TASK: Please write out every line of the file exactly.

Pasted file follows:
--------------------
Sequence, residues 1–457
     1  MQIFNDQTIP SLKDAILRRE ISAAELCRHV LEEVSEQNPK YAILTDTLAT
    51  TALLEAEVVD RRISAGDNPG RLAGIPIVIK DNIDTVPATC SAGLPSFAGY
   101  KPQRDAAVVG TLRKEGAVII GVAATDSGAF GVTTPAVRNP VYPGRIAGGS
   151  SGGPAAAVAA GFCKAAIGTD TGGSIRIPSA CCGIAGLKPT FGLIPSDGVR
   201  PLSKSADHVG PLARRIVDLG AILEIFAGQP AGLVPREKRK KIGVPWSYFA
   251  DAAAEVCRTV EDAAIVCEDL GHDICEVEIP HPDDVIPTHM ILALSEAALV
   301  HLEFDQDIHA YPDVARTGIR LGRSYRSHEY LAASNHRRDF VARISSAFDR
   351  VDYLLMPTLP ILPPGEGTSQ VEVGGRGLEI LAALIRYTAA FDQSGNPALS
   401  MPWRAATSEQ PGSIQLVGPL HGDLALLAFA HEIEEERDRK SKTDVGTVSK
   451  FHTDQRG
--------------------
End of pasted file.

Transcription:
Sequence, residues 1–457
     1  MQIFNDQTIP SLKDAILRRE ISAAELCRHV LEEVSEQNPK YAILTDTLAT
    51  TALLEAEVVD RRISAGDNPG RLAGIPIVIK DNIDTVPATC SAGLPSFAGY
   101  KPQRDAAVVG TLRKEGAVII GVAATDSGAF GVTTPAVRNP VYPGRIAGGS
   151  SGGPAAAVAA GFCKAAIGTD TGGSIRIPSA CCGIAGLKPT FGLIPSDGVR
   201  PLSKSADHVG PLARRIVDLG AILEIFAGQP AGLVPREKRK KIGVPWSYFA
   251  DAAAEVCRTV EDAAIVCEDL GHDICEVEIP HPDDVIPTHM ILALSEAALV
   301  HLEFDQDIHA YPDVARTGIR LGRSYRSHEY LAASNHRRDF VARISSAFDR
   351  VDYLLMPTLP ILPPGEGTSQ VEVGGRGLEI LAALIRYTAA FDQSGNPALS
   401  MPWRAATSEQ PGSIQLVGPL HGDLALLAFA HEIEEERDRK SKTDVGTVSK
   451  FHTDQRG